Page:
"Kaitiaki" is such a work for me. The journey has been one of patience, blood, sweat, and tears as well as inspiration.
Three years in the making, this two piece oil work consists of a very traditional looking portrait of an old Maori man with a full face moko (tattoo) set alongside a mystical New Zealand forest landscape painting with a stream and glowing light.
Together this diptych is called "Kaitiaki," which means guardian or steward in Maori. To me, these paintings honour the wairua or spirit of Taane, god of the forest and progenitor of mankind.
In my understanding, to be a guardian of the natural world is not at all about ownership over land or exclusivity of one set of people over another. But rather a true kaitiaki feels a deep connection with nature and a sense of abundance, with the aim of living in harmony with the hum of the natural world.
In Maori cosmology Taane was the son of the Sky Father Ranginui and the Earth Mother Papatuanuku. In a time before our world, Rangi and Papa clung together in such a tight embrace that their children who existed in the dark, stifling realm between them yearned for more air, space and light so they could live more fully. So Taane being the strongest of 70 sons, put his back against the earth and his feet against the sky and with karakia (sacred incantation) eventually managed to push his parents apart, allowing Te Ao Marama - The World of Light to enter.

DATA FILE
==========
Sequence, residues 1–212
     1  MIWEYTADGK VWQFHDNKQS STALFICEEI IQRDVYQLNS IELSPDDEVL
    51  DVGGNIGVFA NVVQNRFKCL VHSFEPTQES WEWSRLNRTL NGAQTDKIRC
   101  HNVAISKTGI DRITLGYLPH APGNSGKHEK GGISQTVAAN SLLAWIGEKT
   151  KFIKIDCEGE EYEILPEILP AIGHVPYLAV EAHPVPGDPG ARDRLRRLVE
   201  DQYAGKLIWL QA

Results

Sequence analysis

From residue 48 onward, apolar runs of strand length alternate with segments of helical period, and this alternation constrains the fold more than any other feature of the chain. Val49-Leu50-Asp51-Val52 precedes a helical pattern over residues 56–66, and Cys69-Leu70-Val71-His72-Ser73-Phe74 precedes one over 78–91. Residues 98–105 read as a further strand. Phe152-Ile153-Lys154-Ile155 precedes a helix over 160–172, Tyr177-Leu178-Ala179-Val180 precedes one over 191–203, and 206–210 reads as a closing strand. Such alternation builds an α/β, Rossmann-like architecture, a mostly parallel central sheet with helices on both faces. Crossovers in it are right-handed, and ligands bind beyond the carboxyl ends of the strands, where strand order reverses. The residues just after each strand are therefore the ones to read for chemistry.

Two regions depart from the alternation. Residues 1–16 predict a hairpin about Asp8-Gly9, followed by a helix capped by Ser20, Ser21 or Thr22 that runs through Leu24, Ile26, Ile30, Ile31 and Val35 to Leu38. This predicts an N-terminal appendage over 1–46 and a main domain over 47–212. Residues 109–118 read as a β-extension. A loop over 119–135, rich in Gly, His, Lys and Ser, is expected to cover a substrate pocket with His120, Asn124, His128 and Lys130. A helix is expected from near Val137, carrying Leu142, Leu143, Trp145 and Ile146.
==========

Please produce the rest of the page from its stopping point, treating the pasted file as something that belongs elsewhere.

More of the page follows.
Taane then went on to become the god and progenitor of the forest, birds, humans and every living thing on this planet.
The old man is posed and adorned with a korowai (cloak), huia feather in his hair, pounamu (greenstone) earring, holding a carved taonga (treasure - in this case the walking stick he holds).
The portrait is from my imagination, influenced by 19th and 20th century paintings by legends C.F. Goldie and Gottfried Lindauer as well dozens and dozens of black and white photos.
My aim was to bring that very old romanticism and depth into the world that I live in, which is often face paced, digital and overwhelming. There is a stillness that I feel in this work. It is very much in that eternal moment of "now," which is healing and where we can feel gratitude for abundance. One of the sources of abundance to thank in this case would be Taane, the progenitor of nature and of all living beings.
"The forest is a living thing just as I breathe and live.
Every leaf, every tree, every, insect, every bird, feels and knows this.
When I enter its domain, I know I enter the House Of Tane.
My ancestor who created us all and each one of us.
A face of Io-of-the-Many-Faces."
- From Maori natural lore
Posted by artist Sofia Minson from NewZealandArtwork.com
New Zealand Maori portrait and landscape oil painting